It was between Chapel Hill and Durham, but it was over the Durham County Line, which was very rare. It was actually in Durham County, the Tempo was the gay bar, and because it was in Chapel Hill, it was fine. For something to open in Durham, was quite rare. My lover and I used to go there at the end of 1963, most of 64. It didn't last very long. There was a little like kind of drive in grill, that is what it was, not a hot dog stand, but like a diner and in the back of that was a big, concrete, rectangle building like a VFW Hut and it turned into a gay bar. It was the only bar that you could dance in south of Washington and north of Atlanta in the 60s. A lot of lesbians went there, a lot of gay people went there. A few straight people went there because they used to have trouble with Marines showing up and trying to be Marine like?
CHRIS McGINNIS:
Marine like, what do you think, that they might have been closet cases, or were they just being assholes?
BILL HULL:
Closet cases who were in this macho role of beating up queers—Bashing, if push came to shove. You could have them all, but if you acted like you were gay, you know. People were being chased to their cars and things like that. I never felt scared; I have never been scared in my life. I have never been intimidated by anything.

Page 28
CHRIS McGINNIS:
Did you work at the Ponderosa?
BILL HULL:
No, I worked at the Pegasus.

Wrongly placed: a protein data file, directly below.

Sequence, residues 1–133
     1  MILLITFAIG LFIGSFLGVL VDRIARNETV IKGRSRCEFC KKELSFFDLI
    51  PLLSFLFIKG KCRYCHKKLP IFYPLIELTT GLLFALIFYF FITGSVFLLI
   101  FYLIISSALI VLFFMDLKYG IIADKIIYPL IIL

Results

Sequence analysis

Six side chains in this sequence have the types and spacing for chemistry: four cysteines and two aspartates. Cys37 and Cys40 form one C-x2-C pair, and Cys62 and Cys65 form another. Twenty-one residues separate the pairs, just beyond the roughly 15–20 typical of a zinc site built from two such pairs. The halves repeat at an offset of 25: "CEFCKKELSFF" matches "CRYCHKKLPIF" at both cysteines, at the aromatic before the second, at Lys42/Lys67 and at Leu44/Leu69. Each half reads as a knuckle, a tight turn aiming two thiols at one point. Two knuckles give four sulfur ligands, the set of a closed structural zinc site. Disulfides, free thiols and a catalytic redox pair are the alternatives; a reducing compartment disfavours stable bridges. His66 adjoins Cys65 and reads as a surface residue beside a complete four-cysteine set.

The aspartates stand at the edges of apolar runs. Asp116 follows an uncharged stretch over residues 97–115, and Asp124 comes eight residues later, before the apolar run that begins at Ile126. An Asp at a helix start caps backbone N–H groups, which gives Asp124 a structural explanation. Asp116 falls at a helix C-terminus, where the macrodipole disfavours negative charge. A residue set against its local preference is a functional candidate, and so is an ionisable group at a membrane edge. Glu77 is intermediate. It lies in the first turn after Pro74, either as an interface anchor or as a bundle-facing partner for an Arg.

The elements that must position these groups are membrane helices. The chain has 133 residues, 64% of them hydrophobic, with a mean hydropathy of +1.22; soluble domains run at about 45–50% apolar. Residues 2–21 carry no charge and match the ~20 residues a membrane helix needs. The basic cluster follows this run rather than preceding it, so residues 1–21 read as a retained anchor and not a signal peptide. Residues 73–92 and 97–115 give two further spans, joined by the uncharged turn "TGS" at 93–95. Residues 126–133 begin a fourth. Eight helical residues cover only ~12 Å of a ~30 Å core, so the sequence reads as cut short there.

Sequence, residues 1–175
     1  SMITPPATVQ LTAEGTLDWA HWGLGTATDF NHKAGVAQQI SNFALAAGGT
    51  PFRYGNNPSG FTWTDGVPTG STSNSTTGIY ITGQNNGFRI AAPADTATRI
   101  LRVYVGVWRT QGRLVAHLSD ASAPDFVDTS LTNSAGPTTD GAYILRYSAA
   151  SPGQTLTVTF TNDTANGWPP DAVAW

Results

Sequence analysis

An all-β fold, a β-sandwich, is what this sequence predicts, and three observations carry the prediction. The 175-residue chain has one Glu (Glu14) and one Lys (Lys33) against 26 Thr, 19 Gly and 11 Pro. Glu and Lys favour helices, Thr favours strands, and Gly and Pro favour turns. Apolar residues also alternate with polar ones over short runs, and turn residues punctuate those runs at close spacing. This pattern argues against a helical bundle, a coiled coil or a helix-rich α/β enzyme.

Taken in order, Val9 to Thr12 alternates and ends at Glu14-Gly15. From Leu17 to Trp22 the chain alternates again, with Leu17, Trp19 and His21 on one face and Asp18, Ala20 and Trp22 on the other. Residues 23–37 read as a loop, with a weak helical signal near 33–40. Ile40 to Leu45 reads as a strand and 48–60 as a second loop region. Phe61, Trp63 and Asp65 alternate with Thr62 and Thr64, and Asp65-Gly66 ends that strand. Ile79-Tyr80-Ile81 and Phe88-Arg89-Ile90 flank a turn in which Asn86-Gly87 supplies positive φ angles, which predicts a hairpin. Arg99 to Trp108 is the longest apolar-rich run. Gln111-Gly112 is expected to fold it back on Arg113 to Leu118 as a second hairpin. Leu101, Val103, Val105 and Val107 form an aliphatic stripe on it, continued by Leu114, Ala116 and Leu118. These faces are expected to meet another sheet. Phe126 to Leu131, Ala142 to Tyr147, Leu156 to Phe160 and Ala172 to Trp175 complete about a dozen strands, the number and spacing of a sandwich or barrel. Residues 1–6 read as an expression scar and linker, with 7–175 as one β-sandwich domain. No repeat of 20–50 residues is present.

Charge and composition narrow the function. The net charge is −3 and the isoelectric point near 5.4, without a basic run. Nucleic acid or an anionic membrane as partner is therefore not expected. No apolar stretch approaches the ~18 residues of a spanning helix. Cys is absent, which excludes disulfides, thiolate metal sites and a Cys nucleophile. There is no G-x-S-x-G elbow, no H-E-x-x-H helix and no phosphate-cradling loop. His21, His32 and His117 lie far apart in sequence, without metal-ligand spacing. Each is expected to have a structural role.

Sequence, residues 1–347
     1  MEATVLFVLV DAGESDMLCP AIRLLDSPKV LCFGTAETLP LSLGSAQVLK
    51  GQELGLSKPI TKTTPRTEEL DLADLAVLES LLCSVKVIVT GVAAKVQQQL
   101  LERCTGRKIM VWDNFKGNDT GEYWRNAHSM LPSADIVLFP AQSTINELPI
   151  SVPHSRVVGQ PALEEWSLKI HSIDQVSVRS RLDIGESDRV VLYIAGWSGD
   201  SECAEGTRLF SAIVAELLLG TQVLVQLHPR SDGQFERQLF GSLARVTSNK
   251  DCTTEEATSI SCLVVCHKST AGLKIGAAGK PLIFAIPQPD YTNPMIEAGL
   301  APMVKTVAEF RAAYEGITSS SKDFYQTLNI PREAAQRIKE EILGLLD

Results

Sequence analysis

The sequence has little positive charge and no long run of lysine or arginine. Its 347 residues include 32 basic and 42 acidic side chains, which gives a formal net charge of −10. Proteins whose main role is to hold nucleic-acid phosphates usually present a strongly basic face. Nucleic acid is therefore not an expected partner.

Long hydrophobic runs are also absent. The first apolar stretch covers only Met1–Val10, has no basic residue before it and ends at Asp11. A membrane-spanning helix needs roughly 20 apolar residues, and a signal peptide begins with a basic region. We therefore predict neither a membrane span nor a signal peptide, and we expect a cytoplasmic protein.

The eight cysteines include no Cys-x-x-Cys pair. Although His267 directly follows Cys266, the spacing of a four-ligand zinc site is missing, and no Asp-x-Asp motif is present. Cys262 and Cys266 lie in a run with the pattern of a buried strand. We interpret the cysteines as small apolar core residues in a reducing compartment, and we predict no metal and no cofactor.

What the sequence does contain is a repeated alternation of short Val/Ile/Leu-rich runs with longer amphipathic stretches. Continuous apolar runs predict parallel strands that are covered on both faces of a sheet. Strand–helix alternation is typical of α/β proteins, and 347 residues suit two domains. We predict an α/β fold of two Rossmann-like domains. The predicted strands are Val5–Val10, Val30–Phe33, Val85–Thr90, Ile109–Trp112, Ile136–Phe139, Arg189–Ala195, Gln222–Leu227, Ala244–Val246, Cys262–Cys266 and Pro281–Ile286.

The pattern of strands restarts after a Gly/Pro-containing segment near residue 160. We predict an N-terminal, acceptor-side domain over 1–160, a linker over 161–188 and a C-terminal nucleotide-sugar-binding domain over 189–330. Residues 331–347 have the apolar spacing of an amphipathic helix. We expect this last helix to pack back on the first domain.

CHRIS McGINNIS:
Oh, you worked at the Pegasus.
BILL HULL:
The dance floor at the Ponderosa was a linoleum floor. I don't think that it lasted a year and half. Again, by this time, the fellow that basically brought me out physically was still with the newspaper in Durham and told me about it. We went there and I told my lover at the time and he was very aware of the Durham authorities knowing that it was going on. At that time, it was kind of scary for two men to dance in public, but their whole attitude that he reported to me was that as long as there was no trouble there, as long as people are discreet and don't break traffic laws and don't do it in the street and scare the horses, there would be no problem. It was very open, I was very proud to be a Durhamite, and that this could go out of Chapel Hill, Atlanta, Washington and that sort of thing. But, it didn't last very long and I don't know why. Being in a relationship, we didn't go that much to the bar.
CHRIS McGINNIS:
Do you know who owned the Ponderosa?
BILL HULL:
I have no idea.
CHRIS McGINNIS:
Hopefully I can find that. That is very interesting.
BILL HULL:
That was very interesting. It was a neat thing, you could sit in booths on either side of this great big huge dance floor with a bar at one end and dance—
CHRIS McGINNIS:
You never knew of any raids or anything?
BILL HULL:
Never. The only time that I saw any police there was when people had parked on the street and blocked traffic. You know, parked on old Chapel Hill Road.
CHRIS McGINNIS:
They were just parking illegally.

Page 29
BILL HULL:
So, they put up no parking signs. It had a big parking lot, but it did get kind of full.
CHRIS McGINNIS: